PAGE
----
Quiche and Resurrection

As we sat down for Easter dinner, my older lit the chalice as I searched the index of A Grateful Heart:  Daily Blessing for the Evening Meal from Buddha to The Beatles, one of our sources for a prayer or simply words for thought before eating.  I’d botched the main course, a quiche, under baking the crust prior to filling.  As I cut though the sodden crust, I anticipated the boys’ upcoming rejection of the meal.  I was tired despite a nap, still suffering from a nasty cold.  The pleasant Easter afternoon, already marred with a crabby (hungry) younger son and my less-than-loving response to his distress accompanied by my stuffy head left me feeling rather grumpy and sad. 

I opened the blessing book to these words by Molly Fumia, a writer on grief:

Resurrection.  The reversal of what was thought to be absolute.  The turning of midnight into dawn, hatred into love, dying into living anew.

If we look more closely into life, will find that resurrection is more than hope, it is our experience.  The return of life from death is something we understand at our innermost depths, something we feel on the surface of our tender skin.  We have come back to life, not only when we start to shake off a shroud of sorrow that has bound us, but when we begin to believe in all that is still endlessly possible.

We give thanks for all those times we have arisen from the depths or simply taken a tiny step toward something new.  May we be empowered by extraordinary second chances.  And as we enter the world anew, let us turn the tides of despair into endless waves of hope.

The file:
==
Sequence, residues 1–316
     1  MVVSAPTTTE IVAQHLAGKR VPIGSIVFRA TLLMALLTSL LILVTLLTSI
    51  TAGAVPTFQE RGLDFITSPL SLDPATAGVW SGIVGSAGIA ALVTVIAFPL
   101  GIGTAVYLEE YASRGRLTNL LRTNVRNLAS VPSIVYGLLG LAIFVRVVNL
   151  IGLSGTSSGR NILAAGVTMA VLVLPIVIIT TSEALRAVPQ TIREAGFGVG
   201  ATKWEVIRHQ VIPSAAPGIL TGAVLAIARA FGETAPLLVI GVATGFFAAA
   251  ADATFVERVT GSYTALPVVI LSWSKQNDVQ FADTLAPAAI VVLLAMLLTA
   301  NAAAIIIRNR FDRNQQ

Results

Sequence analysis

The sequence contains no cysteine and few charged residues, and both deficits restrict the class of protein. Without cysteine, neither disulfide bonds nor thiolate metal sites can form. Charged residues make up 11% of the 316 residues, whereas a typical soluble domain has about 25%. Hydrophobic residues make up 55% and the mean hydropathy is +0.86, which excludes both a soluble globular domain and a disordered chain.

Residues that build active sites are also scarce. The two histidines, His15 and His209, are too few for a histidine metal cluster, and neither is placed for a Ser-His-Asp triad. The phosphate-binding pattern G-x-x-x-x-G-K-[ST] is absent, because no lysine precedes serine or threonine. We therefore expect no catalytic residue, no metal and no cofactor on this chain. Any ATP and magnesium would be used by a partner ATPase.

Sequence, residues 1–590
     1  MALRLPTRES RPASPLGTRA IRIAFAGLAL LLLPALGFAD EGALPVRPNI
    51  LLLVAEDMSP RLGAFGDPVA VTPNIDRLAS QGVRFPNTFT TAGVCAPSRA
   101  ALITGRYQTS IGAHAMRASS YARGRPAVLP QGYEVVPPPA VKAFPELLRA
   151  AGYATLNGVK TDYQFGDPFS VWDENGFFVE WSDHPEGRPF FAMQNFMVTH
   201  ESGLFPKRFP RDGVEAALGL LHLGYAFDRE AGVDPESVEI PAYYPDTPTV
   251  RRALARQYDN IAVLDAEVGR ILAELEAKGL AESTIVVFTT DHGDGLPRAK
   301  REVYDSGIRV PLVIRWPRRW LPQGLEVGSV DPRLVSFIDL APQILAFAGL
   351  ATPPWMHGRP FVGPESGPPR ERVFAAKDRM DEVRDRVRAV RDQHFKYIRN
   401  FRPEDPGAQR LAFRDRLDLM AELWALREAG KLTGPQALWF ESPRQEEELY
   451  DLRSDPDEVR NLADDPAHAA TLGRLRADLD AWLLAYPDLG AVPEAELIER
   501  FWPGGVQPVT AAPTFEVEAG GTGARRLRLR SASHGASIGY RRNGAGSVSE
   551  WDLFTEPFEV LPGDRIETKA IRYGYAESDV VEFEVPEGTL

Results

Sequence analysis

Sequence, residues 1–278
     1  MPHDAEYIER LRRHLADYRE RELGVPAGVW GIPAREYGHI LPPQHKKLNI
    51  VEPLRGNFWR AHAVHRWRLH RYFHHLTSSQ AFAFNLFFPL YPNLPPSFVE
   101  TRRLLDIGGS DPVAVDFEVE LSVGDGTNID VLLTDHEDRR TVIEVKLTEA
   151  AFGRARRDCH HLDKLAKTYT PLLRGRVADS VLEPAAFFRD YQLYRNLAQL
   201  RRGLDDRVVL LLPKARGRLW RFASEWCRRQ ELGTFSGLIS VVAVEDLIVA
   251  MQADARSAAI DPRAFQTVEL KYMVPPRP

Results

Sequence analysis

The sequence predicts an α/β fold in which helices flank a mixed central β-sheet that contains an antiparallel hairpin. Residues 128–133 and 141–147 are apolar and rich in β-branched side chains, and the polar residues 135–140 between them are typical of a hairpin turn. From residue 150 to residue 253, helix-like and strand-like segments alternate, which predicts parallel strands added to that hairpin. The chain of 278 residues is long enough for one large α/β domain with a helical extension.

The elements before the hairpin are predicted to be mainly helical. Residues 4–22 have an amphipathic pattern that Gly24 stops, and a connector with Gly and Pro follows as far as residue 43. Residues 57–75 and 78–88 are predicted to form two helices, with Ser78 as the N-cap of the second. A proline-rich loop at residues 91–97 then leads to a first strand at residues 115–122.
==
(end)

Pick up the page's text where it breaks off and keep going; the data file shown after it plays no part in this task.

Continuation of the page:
I read aloud Fumia’s words as the candles glowed and my younger fidgeted.  The words blew past their young ears but seared my heart.  They’re chatter filled my ears and distracted me from my thoughts.   The top was fine, and in a rare moment of grace, the boys ate the top without a disparaging word about inedible, greasy mush of crust.  Resurrection left my mind. 

After dinner clean-up, we walked through the neighborhood, noting the forsythia and estimating the time until the magnolia down the street would blossom.  I thanked my boys for eating the squishy-crust quiche with no criticism.  They smiled at my recognition of their restraint, adding that is was pretty terrible.  Between blossoms and boys, resurrection returned to mind.  Tiny steps, both the forsythia and their kindness at dinner, but steps nonetheless

Spring as resurrection is a common metaphor, and it helped me bridge the gap those first few Easters after  I left the Christian tradition.  But resurrection as “the reversal of what was thought to be absolute” is a new twist, one fitting to my life post-divorce.  Divorce certainly marked an end:  an end to my marriage, an end to family as I knew it; and end to what seemed normal and right.  But if those difficult years prior to the signing of decree itself were midnight,  dawn surely approaches.  Christmas came so soon after that midnight, shrouding me in darkness, but three months later, dawn is indeed breaking.  And I watch the coming of the new day with hope, love, and trust.  For in the workings of the universe and in our connections with the divine in each us, there is new life.  There is resurrection.